Academy. Leaving Greenfield in 1837, he went to
Ogdensburg, New York, to take charge of a
school there, and here remained until 1839. His
scientific life dates from this time. Here he be-
came interested in meteorology. In 1839 he left
Ogdensburg to become a tutor in Williams Col-
lege, where he remained five years. Here he
published a work on the mode of calculating solar
and lunar eclipses, which was extensively used.
During the same period he devised the erection
and superintended the building of the Greylock
Observatory, on Saddle Mountain. In this ob-
servatory he placed the first combined, self-regis-
tering instrument ever constructed, to determine
the direction, velocity and moisture of winds.
An improved instrument for the same purpose
he recently presented to the observatory at Cor-
dova, Buenos Ayres. Leaving Williams College
in 1843, h^ spent three years in teaching at Nor-
walk, Connecticut. In 1844 an acquaintanceship
began between the Professor and Captain M. F.
Maury, U. S. N., which continued up to the
time of the rebellion. Capt. Maury is well known
for his investigations into the subject of oceanic
currents and winds. In 1846 Professor Coffin
accepted the position of professor of mathematics
in Lafayette College, and for twenty-seven years
his life has been spent in Easton. As professor
of mathematics at Lafayette, Dr. Coffin won much
celebrity, but his name will perhaps be more
widely known through the country as a con-
tributor to the reports of the Smithsonian Insti-
tution, and for his investigations on the subject
of winds and atmospheric changes. In this field
he was a pioneer. Fifty-one years ago the
Smithsonian Institution published a large quarto
volume of Professor Coffin's on "The Winds of
the Northern Hemisphere." For some years he
was engaged on another work, which at the time
of his death was nearly ready for ]iublication. This
volume, a treatise on "The Winds of the
Globe," issued by the Smithsonian Institution in
1876, seven hundred and eighty-one pages and
six plates, the largest numerical tables ever is-
sued from the American press. Among his more

important mathematical works are a "Treatise
on Solar and Lunar Eclipses," a work on "The
Meteoric Fire-ball of July, i860," "Astronomical
Tables," "Conic Sections," and "Analytical

The merits and learning of Dr. Coffin were
not unrecognized. He was one of the first elected
members of the National Academy of Science,
and was a prominent member of the American
Association for the Advancement of Science, at
whose meetings he frequently read papers on
meteorological subjects. At the time of his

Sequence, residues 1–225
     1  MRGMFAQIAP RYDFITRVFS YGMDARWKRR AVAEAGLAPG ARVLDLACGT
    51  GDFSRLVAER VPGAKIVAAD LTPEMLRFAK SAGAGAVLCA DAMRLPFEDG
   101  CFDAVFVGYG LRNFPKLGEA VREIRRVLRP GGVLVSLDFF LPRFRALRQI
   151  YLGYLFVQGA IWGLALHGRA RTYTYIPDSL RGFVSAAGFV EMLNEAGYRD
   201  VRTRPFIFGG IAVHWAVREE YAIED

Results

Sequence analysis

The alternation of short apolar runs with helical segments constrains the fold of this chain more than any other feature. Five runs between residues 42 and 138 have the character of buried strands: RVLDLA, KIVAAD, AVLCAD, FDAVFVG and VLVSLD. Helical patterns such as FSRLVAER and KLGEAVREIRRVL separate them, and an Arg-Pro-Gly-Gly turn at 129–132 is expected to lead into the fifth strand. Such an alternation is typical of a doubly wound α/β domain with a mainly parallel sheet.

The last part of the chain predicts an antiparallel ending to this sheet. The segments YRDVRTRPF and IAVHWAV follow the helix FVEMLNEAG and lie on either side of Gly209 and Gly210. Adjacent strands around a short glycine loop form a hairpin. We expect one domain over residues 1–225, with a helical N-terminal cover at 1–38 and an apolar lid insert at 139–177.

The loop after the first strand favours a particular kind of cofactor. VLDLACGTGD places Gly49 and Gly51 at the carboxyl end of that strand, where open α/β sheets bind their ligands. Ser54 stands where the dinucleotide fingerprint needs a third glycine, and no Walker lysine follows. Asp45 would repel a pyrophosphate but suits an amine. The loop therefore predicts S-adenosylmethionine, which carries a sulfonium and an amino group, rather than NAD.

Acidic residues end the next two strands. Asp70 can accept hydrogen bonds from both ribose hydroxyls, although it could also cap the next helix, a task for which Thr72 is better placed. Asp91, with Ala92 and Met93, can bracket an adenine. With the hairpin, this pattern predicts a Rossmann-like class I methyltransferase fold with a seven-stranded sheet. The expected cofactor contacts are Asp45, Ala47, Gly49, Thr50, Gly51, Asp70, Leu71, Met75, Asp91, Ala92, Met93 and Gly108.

death, February 6, 1873, he was an elder in the
Brainerd Church. He united with the church
at an early age, and lived a sincere and devout
Christian. A tablet erected to his memory, on
the spot which was for so long a time his resi-
dence, and on which Pardee Hall was built, bears
the following inscription in his honor.

"In Memory of James Henry Coffin, LL. D.,
Long a mainstay of Lafayette College, Pro-
fessor of Mathematics, Natural Philosophy and
Astronomy, 1846-1873, Vice-President and Col-
lege Treasurer 1863-1873.

A tireless teacher and administrator, an officer
of the church, a friend of the slave, a member
of the National Academy of Sciences, author of
"Winds of the Globe." He annexed the atmos-
phere to the realms of science, and searched the
highways of the winds and the paths of vagrant

Born in Williamsburg, ]\lass., Sept. 6, 1806.
Died in Easton, Pa., February 6, 1873. The
class of 1866 has erected this tablet."

LiTT. D., D. C. L., Professor of the English
Language and Comparative Philology at Lafay-
ette College, is a lineal descendant of Hugh
March, founder of the family of that name in
the United States, and who came early to New-
bury, Massachusetts, and died there in 1693, aged
seventy-three years. Of Judith, wife of Hugh
.March, little is known. The first reference to
the family in the records of Newbury occurs
in 1653, when Mistress Judith was "presented for
wearing a silk hood and scarfe," but was dis-
charged on proof that her husband was of "con-
siderable estate." (Coffin, "History of New-


bury," page 58). In 1668 Hugh left his farm
at the sohcitation of his townsmen, and estab-
lished an inn that was famous for many j-ears.
He was, like other New England inn-keepers,
a "person of approved character and competent

All of the four sons of Hugh March were
ofificers in the colonial army during the French
and Indian wars, one of them. Colonel John
March (1658-1725) being especially distinguished
as "the foremost military leader in New England
up to the time of the Port Royal expedition,"
1707, which he commanded, and "the failure of
which may fairly be charged in part to the Gov-
ernor, who sent him out, and to the officers of
the 'Deptford,' which was the convoy of the